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United States v. Simon

United States District Court, N.D. Oklahoma

March 22, 2017



          Gregor Y.K. Frizzell, Judge

         Before the court is the Motion to Suppress [Doc. No. 3');">36] of defendant Richard Glen Simon. For the following reasons, the motion is denied.

         I. Background

         On July 20, 2016, the Osage County Sherriff&#3');">39;s Office executed a search warrant at 92 Tilley Lane, Prue, Oklahoma. Among other things, officers recovered an SKS-model rifle, various ammunition, and drug paraphernalia, for which Mr. Simon now stands accused of violating 18 U.S.C. §§ 922(g)(1) and 924(a)(2), Felon in Possession of a Firearm and Ammunition. [Doc. No. 14]. The search warrant issued pursuant to an affidavit submitted by Deputy Ronnie Stevens to Osage County Special District Judge Stuart Tate. [Doc. No. 3');">36-1, p. 2]. In relevant part, the affidavit recited: Deputy Steven&#3');">39;s education and police experience; items to be seized-namely, firearms, ammunition, and drug paraphernalia; the location of those items; a police dispatch to Mr. Simon&#3');">39;s home; Mr. Simon&#3');">39;s arrest; eyewitness accounts of the alleged crimes; and Mr. Simon&#3');">39;s criminal history. [Id. at 1-2]. After conducting a telephonic hearing, Judge Tate approved the warrant. [Doc. No. 3');">39-3');">3].

         Mr. Simon argues that evidence seized during the July 20, 2016, search should be suppressed because the affidavit underlying the search warrant: (1) lacks source attribution and indicia of reliability; and (2) contains material statements and omissions that were intentionally or recklessly false.

         This court initially denied Mr. Simon&#3');">39;s request for a hearing pursuant to Franks v. Delaware, 3');">38 U.S. 154');">43');">38 U.S. 154 (1978), by order dated March 9, 2017. [Doc. No. 42]. However, following a proffer by defense counsel of time-stamped photographs, the court reconsidered that ruling, vacated the March 9, 2017 order, and permitted the Franks hearing.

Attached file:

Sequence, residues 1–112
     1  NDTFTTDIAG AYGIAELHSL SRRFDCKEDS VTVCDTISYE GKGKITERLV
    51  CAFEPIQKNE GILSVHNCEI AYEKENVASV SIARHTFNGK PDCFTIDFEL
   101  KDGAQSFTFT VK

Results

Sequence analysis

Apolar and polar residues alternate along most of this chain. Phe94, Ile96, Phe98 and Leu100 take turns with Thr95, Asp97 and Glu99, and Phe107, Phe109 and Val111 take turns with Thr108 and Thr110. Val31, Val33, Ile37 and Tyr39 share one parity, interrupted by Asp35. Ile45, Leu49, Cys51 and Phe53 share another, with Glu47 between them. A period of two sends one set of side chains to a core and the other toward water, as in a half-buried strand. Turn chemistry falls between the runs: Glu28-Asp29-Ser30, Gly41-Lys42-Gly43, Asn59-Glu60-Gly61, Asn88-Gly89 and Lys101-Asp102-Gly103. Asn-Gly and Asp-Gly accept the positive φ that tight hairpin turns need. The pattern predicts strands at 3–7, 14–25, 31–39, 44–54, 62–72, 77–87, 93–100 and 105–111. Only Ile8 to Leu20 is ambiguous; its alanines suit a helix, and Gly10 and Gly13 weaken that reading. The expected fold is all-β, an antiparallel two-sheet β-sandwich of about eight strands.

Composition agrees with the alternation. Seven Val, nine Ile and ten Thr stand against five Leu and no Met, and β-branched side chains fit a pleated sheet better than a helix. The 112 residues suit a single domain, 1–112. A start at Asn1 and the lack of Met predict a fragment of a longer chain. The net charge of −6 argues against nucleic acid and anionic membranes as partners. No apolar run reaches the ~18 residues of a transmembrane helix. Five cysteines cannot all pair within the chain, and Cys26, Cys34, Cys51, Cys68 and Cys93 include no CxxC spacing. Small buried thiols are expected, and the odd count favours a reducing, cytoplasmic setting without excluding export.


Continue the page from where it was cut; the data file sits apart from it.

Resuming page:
On March 20, 2017, following a hearing pursuant to Fed. R. Crim. P. 12(b)(3');">3)(c) (suppression) and Franks, the court orally denied Mr. Simon&#3');">39;s motion. This written order follows.

         II. Probable Cause

         “A search warrant can issue only upon a showing of probable cause.” United States v. Long, 3');">3d 653');">3');">774 F.3');">3d 653');">3, 658 (10th Cir. 2014). To that end, an affidavit must establish “‘a fair probability that contraband or evidence of a crime will be found in a particular place.&#3');">39;” United States v. Freerksen, 457 F. App&#3');">39;x 765, 768 (10th Cir. 2012) (quoting Illinois v. Gates, 13');">3');">462 U.S. 213');">3, 23');">36 (1983');">3)). In determining probable cause, courts consider “the totality of the circumstances, ” United States v. Tisdale, 248 F.3');">3d 964, 970 (10th Cir. 2001), but an affidavit need not include every possible fact, however tangential, that might bear on that determination, United States v. Kennedy, 13');">31 F.3');">3d 13');">371');">13');">31 F.3');">3d 13');">371, 13');">377 (10th Cir. 1997).

         On review, a court analyzes an affidavit “with common sense, ” not “hypertechnical scrutiny.” United States v. Williams, 605 F.2d 495, 497 (10th Cir. 1979). And great “deference [is] given . . . to the prior determination of probable cause by the issuing authority.” United States v. Barrera, 3');">3 F.2d 1576');">843');">3 F.2d 1576, 1581 (10th Cir. 1988); United States v. Crawford, No. 09-CR-26-CVE, 2009 WL 13');">346605, at *7 (N.D. Okla. May 13');">3, 2009). Indeed, a “substantial basis” for probable cause is all the Constitution requires. See Crawford, 2009 WL 13');">346605, at *7 (citing United States v. Perrine, 18 F.3');">3d 1196');">518 F.3');">3d 1196, 1201 (10th Cir. 2008)).